Pitt-Greensburg thespians present a satirical take on Chekhov | TribLIVE.com
Theater & Arts

Pitt-Greensburg thespians present a satirical take on Chekhov

Shirley McMarlin
Courtesy of the University of Pittsburgh at Greensburg
Members of the Pitt-Greensburg Theatre Company, shown rehearsing for "Chekhov in Yalta," running Nov. 14-17 on the Hempfield campus, include (from left) Austin Grau, Emily Buckel, Courtney Cambal, Callum Vargo, Cameron Collins, Terry Turk, Sara Verbanick, Logan Tomko, Finn Casey, Michele Laity and Cali Mulzet.
Courtesy of the University of Pittsburgh at Greensburg
Senior history major Logan Tomko takes on the role of Anton Chekhov in Pitt-Greensburg’s production of Chekhov in Yalta.

The Pitt-Greensburg Theatre Company is gearing up for its fall production, the comedy-drama “Chekhov in Yalta,” written by John Driver and Jeffrey Haddow.

Curtain times are 7:30 p.m. Nov. 14-16 and 2 p.m. Nov. 17 in Ferguson Theater on the University of Pittsburgh at Greensburg campus.

Eleven students will perform in the play, in which “Russian playwright Anton Chekhov is visited by the wacky members of the Moscow Art Theatre, who will do anything they can to get their hands on his newest play — before he succumbs either to love … or to tuberculosis,” according to the theater company.

Chekhov will be portrayed by senior history major Logan Tomko of Plum.

The play finds Chekhov coping with his own mortality because of his tuberculosis, which was a death sentence during the time period in which the play is set, according to director Stephen Schrum, Pitt-Greensburg associate professor of theater.

“Anyone familiar with the plays of Chekhov will see bits and pieces of them included in this play,” Schrum says. “Anyone not familiar with Chekhov will see the interactions of a group of people, some in love, some caring, some uncaring, some in competition with one another, some trying to help one another. In other words: everyday life. The play is a glimpse of a particular era, the turn of the last century, when dark clouds of revolution gather on the horizon, dimming the artistic lights of the Moscow Art Theater.”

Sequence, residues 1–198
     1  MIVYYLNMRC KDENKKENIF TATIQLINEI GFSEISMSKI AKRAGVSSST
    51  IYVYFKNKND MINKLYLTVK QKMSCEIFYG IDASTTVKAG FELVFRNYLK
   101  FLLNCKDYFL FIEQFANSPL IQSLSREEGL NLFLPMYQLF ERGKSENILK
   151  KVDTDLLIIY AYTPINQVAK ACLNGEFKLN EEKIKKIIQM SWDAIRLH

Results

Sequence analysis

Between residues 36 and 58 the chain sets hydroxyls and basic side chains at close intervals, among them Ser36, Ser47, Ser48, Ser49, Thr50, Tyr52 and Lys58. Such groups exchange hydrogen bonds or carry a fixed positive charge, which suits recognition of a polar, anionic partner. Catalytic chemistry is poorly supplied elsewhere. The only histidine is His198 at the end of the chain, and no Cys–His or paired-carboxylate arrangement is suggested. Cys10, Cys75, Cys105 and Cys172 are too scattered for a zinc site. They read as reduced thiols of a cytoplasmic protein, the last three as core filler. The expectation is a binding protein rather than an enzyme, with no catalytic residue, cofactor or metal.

The theater company is pairing “Chekhov in Yalta” with its spring 2020 production of Jeffrey Hatcher’s adaptation of “The Government Inspector,” by Russian playwright Nikolai Gogol.

“This year’s theatre performances take a cue from current events and are centered on the theme of ‘The Russians are coming! The Russians are coming!’ ” Schrum says. “In the two plays being produced this year by the theatre company, we see that the American and Russian people are much alike in attitudes about art and also about government corruption and confidence games.”

Admission to the play is $10, or $5 for students, seniors and those with a Pitt ID.

For information, contact Schrum at 724-836-7483 or [email protected]

Shirley McMarlin is a Tribune-Review staff writer. You can contact Shirley at 724-836-5750, [email protected] or via Twitter .

TribLIVE commenting policy

You are solely responsible for your comments and by using TribLive.com you agree to our Terms of Service.

We moderate comments. Our goal is to provide substantive commentary for a general readership. By screening submissions, we provide a space where readers can share intelligent and informed commentary that enhances the quality of our news and information.

While most comments will be posted if they are on-topic and not abusive, moderating decisions are subjective. We will make them as carefully and consistently as we can. Because of the volume of reader comments, we cannot review individual moderation decisions with readers.

We value thoughtful comments representing a range of views that make their point quickly and politely. We make an effort to protect discussions from repeated comments either by the same reader or different readers

We follow the same standards for taste as the daily newspaper. A few things we won't tolerate: personal attacks, obscenity, vulgarity, profanity (including expletives and letters followed by dashes), commercial promotion, impersonations, incoherence, proselytizing and SHOUTING. Don't include URLs to Web sites.

We do not edit comments. They are either approved or deleted. We reserve the right to edit a comment that is quoted or excerpted in an article. In this case, we may fix spelling and punctuation.

We welcome strong opinions and criticism of our work, but we don't want comments to become bogged down with discussions of our policies and we will moderate accordingly.

We appreciate it when readers and people quoted in articles or blog posts point out errors of fact or emphasis and will investigate all assertions. But these suggestions should be sent via e-mail. To avoid distracting other readers, we won't publish comments that suggest a correction. Instead, corrections will be made in a blog post or in an article.